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The "Common Problems" Lesson is part of the full, Mastering Chrome Developer Tools course featured in this preview video. Here's what you'd learn in this lesson:

Jon talks through the most common network-related problems you will encounter when debugging the performance of a web application. This may include too many resources being retrieved by a single client, bad network conditions between the client and server, or a slowly responding server application. He also quickly demonstrates the network simulator which will simulate different network connection speeds.

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Transcript from the "Common Problems" Lesson

>> [MUSIC]

>> Jon Kuperman: So next up I wanted to talk about the most common things that you'll see from all those different network problems that can possibly happen but first I think we have a couple of questions.
>> Speaker 2: Yeah so on from Kidar we have, do people use both Chrome stable and Canary at the same time?

>> Jon Kuperman: Yeah, so that's kinda up to you like you can go either way Canaries cool because it has some extra tools and some better like the more modern stuff for a Dev tools. But Canary is also very beta in the sense that like it may well just crash on you or like some of the stuff is really experimental so I like to use Canary for everything and deal with it when it crashes.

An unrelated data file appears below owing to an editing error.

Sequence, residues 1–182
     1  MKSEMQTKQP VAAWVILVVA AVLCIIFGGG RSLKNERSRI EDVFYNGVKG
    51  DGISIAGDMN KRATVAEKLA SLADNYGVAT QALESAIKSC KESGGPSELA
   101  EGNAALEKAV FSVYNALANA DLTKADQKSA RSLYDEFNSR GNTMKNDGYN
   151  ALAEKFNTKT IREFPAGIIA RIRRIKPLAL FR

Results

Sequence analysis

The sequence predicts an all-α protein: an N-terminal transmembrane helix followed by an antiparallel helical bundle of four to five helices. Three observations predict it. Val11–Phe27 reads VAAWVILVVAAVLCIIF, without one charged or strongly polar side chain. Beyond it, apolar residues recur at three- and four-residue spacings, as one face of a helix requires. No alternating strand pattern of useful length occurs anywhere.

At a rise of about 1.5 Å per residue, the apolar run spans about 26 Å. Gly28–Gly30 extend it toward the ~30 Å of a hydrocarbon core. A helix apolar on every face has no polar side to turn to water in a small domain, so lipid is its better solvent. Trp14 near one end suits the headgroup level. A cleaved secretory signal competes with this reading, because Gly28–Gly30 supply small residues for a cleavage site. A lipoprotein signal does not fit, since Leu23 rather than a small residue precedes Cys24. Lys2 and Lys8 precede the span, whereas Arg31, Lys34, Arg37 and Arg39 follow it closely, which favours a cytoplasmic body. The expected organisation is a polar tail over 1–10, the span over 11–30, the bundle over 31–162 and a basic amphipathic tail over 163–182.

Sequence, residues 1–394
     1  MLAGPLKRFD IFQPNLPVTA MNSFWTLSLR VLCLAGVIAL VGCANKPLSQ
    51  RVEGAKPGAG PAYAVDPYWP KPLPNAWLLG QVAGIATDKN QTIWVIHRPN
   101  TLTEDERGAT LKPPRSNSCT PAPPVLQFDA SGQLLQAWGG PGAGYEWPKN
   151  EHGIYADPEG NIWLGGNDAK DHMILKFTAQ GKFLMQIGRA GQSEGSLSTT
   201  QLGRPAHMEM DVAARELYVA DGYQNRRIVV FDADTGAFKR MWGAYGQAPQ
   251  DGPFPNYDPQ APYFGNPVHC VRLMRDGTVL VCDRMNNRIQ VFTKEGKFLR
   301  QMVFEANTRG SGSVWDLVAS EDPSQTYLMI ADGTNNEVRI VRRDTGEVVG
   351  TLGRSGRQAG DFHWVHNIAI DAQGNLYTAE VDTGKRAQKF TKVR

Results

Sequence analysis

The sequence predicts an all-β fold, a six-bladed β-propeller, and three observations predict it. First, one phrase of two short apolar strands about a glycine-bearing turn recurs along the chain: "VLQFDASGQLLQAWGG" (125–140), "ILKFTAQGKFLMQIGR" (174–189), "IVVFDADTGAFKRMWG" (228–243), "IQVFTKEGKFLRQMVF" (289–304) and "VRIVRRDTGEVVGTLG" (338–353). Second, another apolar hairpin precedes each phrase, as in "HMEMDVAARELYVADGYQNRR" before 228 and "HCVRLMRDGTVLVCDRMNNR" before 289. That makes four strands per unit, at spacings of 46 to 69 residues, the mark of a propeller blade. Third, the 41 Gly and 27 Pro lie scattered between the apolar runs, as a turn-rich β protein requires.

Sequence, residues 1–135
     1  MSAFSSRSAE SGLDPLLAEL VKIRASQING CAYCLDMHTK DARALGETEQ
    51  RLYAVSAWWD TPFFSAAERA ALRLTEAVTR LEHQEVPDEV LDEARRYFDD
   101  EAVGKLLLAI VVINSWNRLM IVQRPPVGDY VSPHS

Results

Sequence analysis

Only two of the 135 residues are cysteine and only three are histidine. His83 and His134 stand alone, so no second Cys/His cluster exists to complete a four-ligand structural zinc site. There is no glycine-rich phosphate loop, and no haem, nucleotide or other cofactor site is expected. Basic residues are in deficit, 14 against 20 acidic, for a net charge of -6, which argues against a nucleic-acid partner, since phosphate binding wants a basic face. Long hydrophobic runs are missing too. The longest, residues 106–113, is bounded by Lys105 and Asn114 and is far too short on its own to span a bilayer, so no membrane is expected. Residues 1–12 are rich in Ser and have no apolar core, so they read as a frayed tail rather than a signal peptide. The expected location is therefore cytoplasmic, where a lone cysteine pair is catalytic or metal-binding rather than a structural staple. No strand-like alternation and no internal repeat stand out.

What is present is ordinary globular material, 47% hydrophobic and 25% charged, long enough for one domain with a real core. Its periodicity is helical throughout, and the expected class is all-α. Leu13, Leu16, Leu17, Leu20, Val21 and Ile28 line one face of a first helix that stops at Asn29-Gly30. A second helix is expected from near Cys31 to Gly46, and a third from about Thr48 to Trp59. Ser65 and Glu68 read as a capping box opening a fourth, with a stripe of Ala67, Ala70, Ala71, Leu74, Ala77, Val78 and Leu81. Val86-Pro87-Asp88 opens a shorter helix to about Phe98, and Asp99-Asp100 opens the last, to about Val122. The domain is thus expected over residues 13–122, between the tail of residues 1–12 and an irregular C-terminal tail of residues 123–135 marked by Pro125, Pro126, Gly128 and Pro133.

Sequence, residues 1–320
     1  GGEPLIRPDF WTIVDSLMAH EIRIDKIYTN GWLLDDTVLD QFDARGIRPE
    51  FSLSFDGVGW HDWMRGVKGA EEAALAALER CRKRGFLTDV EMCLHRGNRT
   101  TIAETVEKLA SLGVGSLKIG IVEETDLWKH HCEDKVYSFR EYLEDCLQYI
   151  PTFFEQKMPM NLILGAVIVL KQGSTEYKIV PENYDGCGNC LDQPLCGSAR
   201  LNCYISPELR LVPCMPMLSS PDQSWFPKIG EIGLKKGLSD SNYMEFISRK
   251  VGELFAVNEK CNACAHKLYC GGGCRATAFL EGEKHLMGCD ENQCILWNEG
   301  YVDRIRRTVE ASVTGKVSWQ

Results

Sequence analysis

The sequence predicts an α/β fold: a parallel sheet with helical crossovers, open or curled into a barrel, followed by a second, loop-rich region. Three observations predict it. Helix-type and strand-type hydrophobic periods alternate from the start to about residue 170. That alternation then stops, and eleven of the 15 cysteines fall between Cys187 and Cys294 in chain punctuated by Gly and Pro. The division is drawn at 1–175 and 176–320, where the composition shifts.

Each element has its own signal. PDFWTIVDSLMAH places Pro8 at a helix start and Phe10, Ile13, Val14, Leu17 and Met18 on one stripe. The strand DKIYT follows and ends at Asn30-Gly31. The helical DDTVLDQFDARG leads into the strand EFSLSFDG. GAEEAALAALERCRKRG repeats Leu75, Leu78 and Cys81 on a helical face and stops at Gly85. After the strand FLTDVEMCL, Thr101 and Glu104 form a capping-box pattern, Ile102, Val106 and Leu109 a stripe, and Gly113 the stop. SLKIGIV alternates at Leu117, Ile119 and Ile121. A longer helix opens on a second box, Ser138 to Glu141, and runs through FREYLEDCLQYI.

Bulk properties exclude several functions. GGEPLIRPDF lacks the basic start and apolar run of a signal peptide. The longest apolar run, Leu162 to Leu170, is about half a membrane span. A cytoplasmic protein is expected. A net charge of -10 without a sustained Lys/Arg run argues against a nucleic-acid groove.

[00:00:46] You can also just use stable for everything and just wait on new stuff to come, or you can use both. Definitely an opinion thing, so. Okay, cool, and then I had two on Twitter which where from stuff we had talked about before. One was how you would go about things like lazy loading which I had kind of mentioned before, only loading stuff that's in the viewport basically.

[00:01:11] And so the whole idea with lazy loading would just be that like I kind of mentioned it. Like, so if you have all these images and you don't want to load all of them, you would instead of putting a source on them, if you have a source, the browser's going to fetch him.

[00:01:23] You could put a data attribute on it with the source URL. Then you can do some JavaScript so you can get the view port with get client bounding wrecked or whatever. There's an API call for the view port and you can like say that anything that's out of that you can add it.

[00:01:38] You can take use the JavaScript to take the data attribute and append a source so basically it's like this trick that you do where you don't load things until they come into view and then the other one was just about like critical rendering path. In CSS, and I think it's just like, that's a term just used for like, what stuff is like the critical rendering that is like what's necessary for your app to start functioning.

[00:02:01] Because there is a lot of stuff like the HTML might be there but until the synchronous JavaScript loads, you won't be able to necessarily click around and do stuff. So it's like basically like a lot of it is kind of what I was talking about before, or just like making sure that it's usually common practice to have one CSS and one JavaScript file.